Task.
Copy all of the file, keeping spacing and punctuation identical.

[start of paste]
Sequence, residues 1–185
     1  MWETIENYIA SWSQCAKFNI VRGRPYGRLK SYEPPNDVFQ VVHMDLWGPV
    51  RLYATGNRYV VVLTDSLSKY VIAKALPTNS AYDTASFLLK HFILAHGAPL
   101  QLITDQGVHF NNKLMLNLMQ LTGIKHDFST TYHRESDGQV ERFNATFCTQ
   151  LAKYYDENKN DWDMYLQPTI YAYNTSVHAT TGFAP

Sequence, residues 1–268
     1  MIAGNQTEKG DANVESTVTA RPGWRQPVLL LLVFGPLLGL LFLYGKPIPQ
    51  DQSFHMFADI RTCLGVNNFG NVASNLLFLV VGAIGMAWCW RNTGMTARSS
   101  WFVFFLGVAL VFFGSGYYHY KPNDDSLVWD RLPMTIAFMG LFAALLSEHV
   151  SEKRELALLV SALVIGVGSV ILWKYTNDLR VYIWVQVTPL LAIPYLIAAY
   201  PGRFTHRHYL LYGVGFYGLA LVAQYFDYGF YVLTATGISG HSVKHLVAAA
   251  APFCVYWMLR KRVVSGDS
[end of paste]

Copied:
Sequence, residues 1–185
     1  MWETIENYIA SWSQCAKFNI VRGRPYGRLK SYEPPNDVFQ VVHMDLWGPV
    51  RLYATGNRYV VVLTDSLSKY VIAKALPTNS AYDTASFLLK HFILAHGAPL
   101  QLITDQGVHF NNKLMLNLMQ LTGIKHDFST TYHRESDGQV ERFNATFCTQ
   151  LAKYYDENKN DWDMYLQPTI YAYNTSVHAT TGFAP

Sequence, residues 1–268
     1  MIAGNQTEKG DANVESTVTA RPGWRQPVLL LLVFGPLLGL LFLYGKPIPQ
    51  DQSFHMFADI RTCLGVNNFG NVASNLLFLV VGAIGMAWCW RNTGMTARSS
   101  WFVFFLGVAL VFFGSGYYHY KPNDDSLVWD RLPMTIAFMG LFAALLSEHV
   151  SEKRELALLV SALVIGVGSV ILWKYTNDLR VYIWVQVTPL LAIPYLIAAY
   201  PGRFTHRHYL LYGVGFYGLA LVAQYFDYGF YVLTATGISG HSVKHLVAAA
   251  APFCVYWMLR KRVVSGDS